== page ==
It was pretty clear that Netflix's traffic agreement with Comcast wasn't going to be its last deal with the last mile. But the next provider it seems to have done a deal with isn't one of the usual suspects. According to reports out of Norway, Netflix has done some sort of deal with Telenor to gain better service.
But at first glance we're not talking about a paid peering per se. Rather this appears to be simply the payment of rent for server space to put content-laden servers inside Telenor's network. That sounds more like Netflix's own OpenConnect ideas, except for the part where they pay for the privilege. But it's six of one, half-dozen of the other when it comes down to it.
All of this does seem to have been an inevitable result of Netflix's decision to build its own infrastructure, which itself was a natural evolution as its traffic was outgrowing the CDNs and transit providers it had been using. Cogent would have gone to the mat for them over at Comcast, but Netflix's pain tolerance isn't nearly as high. And despite all the logical arguments and talk of economic fairness, the reality is that these sorts of relationships are mostly determined by pain thresholds, egos, and market power.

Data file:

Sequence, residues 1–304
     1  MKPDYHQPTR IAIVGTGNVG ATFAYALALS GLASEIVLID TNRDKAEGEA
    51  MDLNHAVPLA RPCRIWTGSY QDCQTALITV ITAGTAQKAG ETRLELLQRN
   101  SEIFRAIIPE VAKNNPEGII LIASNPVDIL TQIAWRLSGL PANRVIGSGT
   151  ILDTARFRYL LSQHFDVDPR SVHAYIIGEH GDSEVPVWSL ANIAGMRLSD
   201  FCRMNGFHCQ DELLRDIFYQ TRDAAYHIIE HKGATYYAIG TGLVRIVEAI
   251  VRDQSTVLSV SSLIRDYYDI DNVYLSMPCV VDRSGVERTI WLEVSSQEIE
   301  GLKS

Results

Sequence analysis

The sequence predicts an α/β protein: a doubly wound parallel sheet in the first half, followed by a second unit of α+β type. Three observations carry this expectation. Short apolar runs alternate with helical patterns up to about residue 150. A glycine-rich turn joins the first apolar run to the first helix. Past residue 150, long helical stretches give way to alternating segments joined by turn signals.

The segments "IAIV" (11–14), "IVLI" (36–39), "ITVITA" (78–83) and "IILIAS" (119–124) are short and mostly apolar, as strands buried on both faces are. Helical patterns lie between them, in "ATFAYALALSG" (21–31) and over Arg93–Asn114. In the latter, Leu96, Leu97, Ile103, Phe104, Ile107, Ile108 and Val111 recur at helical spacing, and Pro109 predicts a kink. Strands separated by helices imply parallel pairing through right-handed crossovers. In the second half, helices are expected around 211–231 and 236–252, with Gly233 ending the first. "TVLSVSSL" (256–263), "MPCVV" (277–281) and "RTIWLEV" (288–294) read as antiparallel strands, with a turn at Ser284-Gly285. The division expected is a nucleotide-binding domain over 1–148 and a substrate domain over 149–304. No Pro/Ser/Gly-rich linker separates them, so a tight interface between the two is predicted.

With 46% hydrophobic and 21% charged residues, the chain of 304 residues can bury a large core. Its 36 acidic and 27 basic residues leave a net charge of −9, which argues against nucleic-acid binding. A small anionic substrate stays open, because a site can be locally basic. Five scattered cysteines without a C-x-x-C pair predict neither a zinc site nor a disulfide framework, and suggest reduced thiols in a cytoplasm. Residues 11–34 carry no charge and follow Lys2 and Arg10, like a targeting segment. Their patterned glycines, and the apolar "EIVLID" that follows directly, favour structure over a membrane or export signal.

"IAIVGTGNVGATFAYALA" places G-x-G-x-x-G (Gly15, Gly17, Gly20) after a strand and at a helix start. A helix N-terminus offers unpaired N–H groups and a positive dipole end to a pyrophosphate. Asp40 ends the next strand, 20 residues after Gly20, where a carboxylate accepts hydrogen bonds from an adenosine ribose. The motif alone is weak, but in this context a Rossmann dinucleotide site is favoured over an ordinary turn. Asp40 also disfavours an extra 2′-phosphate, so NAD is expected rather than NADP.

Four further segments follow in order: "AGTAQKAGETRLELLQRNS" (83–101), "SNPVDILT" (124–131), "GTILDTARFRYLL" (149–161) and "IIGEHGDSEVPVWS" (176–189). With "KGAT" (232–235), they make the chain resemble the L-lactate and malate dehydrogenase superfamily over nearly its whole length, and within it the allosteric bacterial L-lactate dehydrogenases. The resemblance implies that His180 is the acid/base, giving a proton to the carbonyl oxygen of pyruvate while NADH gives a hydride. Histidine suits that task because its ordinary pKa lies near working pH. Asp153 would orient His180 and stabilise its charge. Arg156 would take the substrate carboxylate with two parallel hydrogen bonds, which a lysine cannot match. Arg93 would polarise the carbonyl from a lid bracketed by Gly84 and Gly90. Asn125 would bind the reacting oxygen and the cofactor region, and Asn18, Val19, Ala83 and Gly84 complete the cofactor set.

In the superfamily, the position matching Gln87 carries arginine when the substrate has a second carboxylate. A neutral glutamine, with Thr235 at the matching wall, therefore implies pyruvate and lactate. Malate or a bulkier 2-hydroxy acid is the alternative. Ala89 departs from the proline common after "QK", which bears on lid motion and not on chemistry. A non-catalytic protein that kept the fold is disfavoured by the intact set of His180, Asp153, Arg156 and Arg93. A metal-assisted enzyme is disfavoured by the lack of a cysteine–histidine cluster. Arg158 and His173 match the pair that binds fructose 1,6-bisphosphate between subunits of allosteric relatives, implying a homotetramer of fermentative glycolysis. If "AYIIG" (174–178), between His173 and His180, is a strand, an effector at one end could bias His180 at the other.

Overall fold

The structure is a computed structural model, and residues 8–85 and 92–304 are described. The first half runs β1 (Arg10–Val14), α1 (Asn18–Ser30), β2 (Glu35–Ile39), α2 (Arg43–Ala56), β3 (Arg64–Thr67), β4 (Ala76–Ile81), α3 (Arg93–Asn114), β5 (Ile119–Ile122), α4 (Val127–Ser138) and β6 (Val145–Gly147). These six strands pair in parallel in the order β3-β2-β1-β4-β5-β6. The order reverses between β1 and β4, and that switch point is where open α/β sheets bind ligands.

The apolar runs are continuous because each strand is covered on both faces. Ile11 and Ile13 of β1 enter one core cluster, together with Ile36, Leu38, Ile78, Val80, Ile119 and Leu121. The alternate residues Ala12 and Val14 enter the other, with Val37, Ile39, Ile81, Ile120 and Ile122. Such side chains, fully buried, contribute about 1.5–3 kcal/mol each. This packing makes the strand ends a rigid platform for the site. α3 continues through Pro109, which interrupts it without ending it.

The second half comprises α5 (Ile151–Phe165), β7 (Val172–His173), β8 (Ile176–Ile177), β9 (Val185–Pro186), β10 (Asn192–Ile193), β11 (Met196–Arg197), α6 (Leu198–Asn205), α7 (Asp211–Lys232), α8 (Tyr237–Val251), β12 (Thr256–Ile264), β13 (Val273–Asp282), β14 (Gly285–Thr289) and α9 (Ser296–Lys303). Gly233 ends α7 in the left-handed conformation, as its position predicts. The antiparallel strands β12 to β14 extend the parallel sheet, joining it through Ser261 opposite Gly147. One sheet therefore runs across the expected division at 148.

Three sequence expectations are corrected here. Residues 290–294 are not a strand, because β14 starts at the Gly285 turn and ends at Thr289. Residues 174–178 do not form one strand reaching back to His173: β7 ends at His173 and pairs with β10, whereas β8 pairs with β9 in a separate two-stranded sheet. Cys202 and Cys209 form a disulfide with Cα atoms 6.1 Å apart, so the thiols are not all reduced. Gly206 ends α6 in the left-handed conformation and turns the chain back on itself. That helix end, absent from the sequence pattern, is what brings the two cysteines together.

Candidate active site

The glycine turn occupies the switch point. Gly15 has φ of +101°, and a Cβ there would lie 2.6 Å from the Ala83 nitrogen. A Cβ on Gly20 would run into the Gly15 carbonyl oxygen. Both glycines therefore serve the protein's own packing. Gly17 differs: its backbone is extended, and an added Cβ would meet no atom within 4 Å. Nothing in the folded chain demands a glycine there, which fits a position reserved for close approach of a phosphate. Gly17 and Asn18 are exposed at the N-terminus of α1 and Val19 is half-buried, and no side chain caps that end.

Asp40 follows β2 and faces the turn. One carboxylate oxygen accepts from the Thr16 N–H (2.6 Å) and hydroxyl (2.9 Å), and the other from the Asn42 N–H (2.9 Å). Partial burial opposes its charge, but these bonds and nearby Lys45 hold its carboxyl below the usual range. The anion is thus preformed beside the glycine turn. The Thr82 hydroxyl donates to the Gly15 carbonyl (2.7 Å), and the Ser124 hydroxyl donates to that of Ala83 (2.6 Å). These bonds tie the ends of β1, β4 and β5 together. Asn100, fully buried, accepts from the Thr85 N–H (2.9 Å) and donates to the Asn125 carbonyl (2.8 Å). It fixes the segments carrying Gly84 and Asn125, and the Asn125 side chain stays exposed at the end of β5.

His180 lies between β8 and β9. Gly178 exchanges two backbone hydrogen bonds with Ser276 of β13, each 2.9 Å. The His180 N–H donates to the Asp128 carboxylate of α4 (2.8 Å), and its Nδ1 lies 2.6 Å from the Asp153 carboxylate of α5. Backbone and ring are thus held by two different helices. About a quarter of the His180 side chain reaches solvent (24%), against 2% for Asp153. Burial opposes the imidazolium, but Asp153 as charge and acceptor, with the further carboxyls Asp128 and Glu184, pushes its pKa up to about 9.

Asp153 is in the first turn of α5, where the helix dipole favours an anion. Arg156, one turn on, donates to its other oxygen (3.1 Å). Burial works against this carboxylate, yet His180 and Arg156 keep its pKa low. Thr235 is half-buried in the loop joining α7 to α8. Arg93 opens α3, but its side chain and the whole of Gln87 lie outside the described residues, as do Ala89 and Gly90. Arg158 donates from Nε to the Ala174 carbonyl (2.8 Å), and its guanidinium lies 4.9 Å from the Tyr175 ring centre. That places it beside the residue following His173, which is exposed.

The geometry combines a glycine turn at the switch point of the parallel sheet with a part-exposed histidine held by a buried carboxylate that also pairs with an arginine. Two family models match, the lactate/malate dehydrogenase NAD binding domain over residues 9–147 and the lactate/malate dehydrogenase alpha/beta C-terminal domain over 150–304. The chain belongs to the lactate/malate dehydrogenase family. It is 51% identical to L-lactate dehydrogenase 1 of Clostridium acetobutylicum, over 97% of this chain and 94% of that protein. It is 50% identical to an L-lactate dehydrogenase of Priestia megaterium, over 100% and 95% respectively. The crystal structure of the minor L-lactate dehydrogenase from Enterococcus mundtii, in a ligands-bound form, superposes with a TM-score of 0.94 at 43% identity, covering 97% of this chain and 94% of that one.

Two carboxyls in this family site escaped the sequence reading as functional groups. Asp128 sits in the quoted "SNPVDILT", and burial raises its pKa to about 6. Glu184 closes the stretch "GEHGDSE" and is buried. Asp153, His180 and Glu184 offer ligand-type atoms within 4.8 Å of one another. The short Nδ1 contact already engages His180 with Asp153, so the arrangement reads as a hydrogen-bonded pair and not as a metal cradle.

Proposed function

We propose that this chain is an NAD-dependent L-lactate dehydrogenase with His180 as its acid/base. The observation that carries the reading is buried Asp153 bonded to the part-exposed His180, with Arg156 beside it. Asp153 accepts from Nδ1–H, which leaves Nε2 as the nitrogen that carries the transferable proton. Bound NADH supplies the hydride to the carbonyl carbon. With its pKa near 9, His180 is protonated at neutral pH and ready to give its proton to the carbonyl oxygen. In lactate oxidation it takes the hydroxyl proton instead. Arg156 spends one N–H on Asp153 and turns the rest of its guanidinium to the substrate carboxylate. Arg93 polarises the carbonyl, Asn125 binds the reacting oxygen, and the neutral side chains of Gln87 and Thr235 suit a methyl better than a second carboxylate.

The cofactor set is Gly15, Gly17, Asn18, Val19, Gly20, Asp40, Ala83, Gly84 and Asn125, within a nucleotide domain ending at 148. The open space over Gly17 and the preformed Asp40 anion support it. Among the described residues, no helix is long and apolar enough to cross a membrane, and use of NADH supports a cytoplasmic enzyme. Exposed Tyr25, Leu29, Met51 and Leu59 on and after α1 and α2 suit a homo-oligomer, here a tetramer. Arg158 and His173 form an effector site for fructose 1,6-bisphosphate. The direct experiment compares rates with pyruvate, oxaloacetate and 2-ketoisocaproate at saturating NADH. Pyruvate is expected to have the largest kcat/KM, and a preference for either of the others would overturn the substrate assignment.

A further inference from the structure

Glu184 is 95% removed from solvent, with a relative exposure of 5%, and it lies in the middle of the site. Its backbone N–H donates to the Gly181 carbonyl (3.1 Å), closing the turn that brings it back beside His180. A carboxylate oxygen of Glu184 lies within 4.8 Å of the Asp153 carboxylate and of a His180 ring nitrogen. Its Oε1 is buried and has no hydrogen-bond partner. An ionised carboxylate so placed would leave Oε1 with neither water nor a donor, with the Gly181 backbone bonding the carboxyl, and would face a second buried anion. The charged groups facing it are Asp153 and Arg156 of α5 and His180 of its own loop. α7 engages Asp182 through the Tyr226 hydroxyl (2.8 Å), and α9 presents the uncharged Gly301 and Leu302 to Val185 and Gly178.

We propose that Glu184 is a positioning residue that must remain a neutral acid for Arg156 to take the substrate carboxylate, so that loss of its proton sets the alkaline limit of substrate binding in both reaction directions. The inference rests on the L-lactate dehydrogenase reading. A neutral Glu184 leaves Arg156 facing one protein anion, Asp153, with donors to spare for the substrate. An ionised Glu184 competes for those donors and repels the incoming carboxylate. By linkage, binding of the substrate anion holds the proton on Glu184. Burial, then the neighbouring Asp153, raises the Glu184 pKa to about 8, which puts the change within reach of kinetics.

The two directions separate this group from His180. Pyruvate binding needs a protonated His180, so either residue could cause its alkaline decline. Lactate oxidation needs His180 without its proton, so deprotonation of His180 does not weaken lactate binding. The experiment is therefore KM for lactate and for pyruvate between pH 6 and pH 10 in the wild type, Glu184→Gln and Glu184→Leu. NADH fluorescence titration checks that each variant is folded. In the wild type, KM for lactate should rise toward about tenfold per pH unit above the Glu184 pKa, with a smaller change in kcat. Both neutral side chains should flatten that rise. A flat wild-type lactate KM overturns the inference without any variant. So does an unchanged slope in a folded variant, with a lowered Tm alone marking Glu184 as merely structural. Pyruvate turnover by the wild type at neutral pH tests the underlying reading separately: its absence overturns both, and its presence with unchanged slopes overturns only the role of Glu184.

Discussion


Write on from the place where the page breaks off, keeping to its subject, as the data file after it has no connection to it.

The attention from the network neutrality folks has made the process quite public thus far. That means we're getting a front row seat into the development of a new ecosystem where the last mile exercises its muscles upstream from the realm of network neutrality. Will Netflix have to do a deal like this with every incumbent PTT/ILEC around the world, or are there some circumstances where they have more leverage? Seems like a deal with Telenor suggests that plenty of smaller-country incumbents will be able to get similar terms -- not that we really have a clue what the terms are for any of these deals.Internet Traffic · Video